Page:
Times on contact between Lorillard general counsel Arthur Stevens and former NFL commissioner Paul Tagliabue in 1992: "In 1992, amid rising concerns about concussions, Mr. Tisch—the Giants and Lorillard part owner—asked the cigarette company's general counsel, Arthur J. Stevens, to contact the N.F.L. commissioner at the time, Mr. Tagliabue, about certain legal issues…In a letter obtained by The Times, Mr. Stevens referred Mr. Tagliabue to two court cases alleging that the tobacco and asbestos industries had covered up the health risks of their products."
NFL's initial statement: "In fact, neither then-NFL Commissioner, Mr. Tagliabue, the League nor its counsel ever solicited, reviewed, or relied on any advice from anyone at Lorillard or the Tobacco Institute regarding health issues."
(4/8) "Story claims the league relied on legal advice from Lorillard and Tobacco Institute." Our article did not claim that.— NYT Sports (@NYTSports) March 24, 2016
NFL's follow-up: "Commissioner Tagliabue did not know Mr. Stevens and does not recall communicating with him prior to or after the October 20 letter. There is no evidence in an extensive review of files that Mr. Tagliabue solicited the advice, reviewed the advice or acted upon the advice. Nor did anyone else at the League ever take any action regarding health issues based on advice from Lorillard or the Tobacco Institute."
Times on the league and tobacco industry sharing lobbyists: "Still, the records show that the two businesses shared lobbyists, lawyers and consultants. Personal correspondence underscored their friendships, including dinner invitations and a request for lobbying advice."
NFL's initial statement: "In fact, the League has never participated—either through its counsel of over 50 years, Covington & Burling, or otherwise—in any joint lobbying efforts with the Tobacco Institute."
(5/8) "League has never participated in any joint lobbying efforts with Tobacco Institute." Our article did not claim that.— NYT Sports (@NYTSports) March 24, 2016
NFL's follow-up: "The NFL has worked with Covington & Burling for more than 50 years, and both the NFL and the Tobacco Institute have retained Covington & Burling at various times for lobbying services—as have any number of other companies and individuals in Washington and elsewhere. But the NFL never participated in any joint lobbying efforts with the Tobacco Institute. Regarding health and safety, the NFL retained assistance from Covington & Burling from 2009-2014 for its lobbying efforts in state legislatures to pass youth concussion laws, the 'Lystedt Law,' in all 50 states."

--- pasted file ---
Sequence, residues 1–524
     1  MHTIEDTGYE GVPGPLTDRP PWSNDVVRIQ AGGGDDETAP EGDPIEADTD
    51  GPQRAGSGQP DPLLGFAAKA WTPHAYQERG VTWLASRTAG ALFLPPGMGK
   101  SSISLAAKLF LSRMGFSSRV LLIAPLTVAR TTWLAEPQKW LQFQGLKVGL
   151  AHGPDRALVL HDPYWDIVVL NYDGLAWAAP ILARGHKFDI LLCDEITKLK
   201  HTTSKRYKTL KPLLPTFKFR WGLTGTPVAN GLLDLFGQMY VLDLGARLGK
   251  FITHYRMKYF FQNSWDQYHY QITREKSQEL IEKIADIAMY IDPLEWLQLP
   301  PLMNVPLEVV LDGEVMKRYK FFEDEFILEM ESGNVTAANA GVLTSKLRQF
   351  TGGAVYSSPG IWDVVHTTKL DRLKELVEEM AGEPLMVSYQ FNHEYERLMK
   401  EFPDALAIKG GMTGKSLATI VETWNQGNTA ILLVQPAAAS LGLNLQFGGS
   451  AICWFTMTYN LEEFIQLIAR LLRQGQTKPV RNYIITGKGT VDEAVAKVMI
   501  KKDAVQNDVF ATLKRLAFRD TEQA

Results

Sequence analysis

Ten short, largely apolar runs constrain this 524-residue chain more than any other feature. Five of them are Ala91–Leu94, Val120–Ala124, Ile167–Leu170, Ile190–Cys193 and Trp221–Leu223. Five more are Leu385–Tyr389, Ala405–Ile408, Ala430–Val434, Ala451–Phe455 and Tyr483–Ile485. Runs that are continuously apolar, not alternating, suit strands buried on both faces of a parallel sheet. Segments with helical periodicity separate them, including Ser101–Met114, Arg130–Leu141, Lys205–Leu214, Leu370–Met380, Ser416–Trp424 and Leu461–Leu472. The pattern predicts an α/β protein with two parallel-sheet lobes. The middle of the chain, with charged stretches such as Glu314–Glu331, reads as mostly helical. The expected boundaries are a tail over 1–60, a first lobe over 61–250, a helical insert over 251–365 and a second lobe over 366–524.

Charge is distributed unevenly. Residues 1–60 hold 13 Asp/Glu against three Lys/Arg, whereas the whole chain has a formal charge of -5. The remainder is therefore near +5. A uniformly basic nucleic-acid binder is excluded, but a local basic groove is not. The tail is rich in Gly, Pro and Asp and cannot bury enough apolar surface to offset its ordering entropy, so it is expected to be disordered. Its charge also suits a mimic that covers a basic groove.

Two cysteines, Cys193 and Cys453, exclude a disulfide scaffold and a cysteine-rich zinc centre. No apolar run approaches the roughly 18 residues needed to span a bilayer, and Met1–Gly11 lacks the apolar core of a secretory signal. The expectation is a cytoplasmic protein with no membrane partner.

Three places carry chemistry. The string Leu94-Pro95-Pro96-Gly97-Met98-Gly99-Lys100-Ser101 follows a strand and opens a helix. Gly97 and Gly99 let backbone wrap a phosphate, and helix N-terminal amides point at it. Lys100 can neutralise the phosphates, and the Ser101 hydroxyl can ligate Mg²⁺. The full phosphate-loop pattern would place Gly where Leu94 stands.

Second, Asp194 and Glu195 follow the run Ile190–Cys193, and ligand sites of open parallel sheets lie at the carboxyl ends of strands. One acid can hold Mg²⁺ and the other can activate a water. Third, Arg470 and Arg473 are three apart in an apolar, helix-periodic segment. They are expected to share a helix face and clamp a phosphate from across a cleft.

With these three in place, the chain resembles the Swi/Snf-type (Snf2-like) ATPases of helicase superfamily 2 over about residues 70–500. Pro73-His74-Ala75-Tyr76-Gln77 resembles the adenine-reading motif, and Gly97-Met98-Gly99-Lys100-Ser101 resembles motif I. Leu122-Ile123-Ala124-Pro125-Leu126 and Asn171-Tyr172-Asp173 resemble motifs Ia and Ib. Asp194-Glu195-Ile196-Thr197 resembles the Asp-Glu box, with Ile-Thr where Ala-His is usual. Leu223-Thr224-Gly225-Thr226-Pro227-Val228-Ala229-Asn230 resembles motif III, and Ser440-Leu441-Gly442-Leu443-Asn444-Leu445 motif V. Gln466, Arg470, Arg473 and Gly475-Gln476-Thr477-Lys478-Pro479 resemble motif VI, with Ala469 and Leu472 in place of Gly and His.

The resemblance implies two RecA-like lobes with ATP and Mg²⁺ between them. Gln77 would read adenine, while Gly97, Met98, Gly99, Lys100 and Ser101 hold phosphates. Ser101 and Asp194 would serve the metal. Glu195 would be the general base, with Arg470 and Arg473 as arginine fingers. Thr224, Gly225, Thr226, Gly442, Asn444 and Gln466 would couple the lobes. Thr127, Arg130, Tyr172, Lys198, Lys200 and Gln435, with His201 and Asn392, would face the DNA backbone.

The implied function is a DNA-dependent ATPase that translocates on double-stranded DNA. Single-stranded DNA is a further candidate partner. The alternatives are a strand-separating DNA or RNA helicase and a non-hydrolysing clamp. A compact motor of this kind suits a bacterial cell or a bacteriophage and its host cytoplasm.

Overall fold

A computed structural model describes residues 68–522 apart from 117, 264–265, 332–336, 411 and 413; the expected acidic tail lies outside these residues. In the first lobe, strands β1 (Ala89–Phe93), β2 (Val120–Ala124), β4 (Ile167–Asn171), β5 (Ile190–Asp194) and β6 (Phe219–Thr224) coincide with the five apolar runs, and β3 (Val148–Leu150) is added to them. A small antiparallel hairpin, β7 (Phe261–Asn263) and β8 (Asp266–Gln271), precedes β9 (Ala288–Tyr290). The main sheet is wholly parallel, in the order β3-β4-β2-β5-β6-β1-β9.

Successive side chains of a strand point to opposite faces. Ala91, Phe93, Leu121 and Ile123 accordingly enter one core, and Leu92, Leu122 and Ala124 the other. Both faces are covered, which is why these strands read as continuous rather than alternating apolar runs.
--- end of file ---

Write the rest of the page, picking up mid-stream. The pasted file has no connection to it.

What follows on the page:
Times on NFL's use of the same research firm as the Tobacco Institute: "On at least two occasions in the 1970s and 1980s, the N.F.L. hired a company whose client list included the Tobacco Institute to study player injuries. The league also hired a company — for a matter unrelated to player safety—that had performed a study for the tobacco industry that played down the danger of secondhand smoke."
NFL's response: "The Times asserts a connection between the League and the Tobacco Institute because both hired the Stanford Research Institute (SRI)…In fact, one of the research studies the Times alludes to was jointly commissioned by the NFL and the NFL Players Association. There is no evidence that SRI engaged in misleading or inappropriate research."
Times on former NFL president Neil Austrian: "Neil Austrian, a former N.F.L. president, had previously run an advertising agency that under his leadership reversed its ban on taking tobacco clients. He called Philip Morris 'an honorable company that sets high standards.' It was during his tenure at the N.F.L. that the concussion committee was created."
NFL's response: "Mr. Austrian had no involvement with the MTBI Committee during his tenure at the NFL. Mr. Austrian was responsible for the business entities of the league."
Times on Joe Browne, the NFL's former senior vice president of communications: "When Congress was considering legislation that dealt with when a team owner could relocate a franchise, Joe Browne, a league official sought lobbying advice from a representative of the Tobacco Institute. 'I would like to take the opportunity to sit down and discuss this bill with you further,' Mr. Browne said in a 1982 letter to the institute's president, Sam Chilcote."
NFL's response: "The Times implies that there was a nefarious relationship between Joe Browne and Sam Chilcote. In fact, Joe Browne (then NFL SVP of Communications) built a personal relationship with Sam Chilcote while Mr. Chilcote was at the Distilled Spirits Council in the 1970s…Mr. Browne contacted Mr. Chilcote in 1982 for some advice as someone he knew in Washington, DC about a subject completely unrelated to tobacco, concussions, or any player-related or medical issue. We have seen no evidence—from the Times or otherwise—that demonstrated their relationship had anything to do with tobacco or NFL health and safety."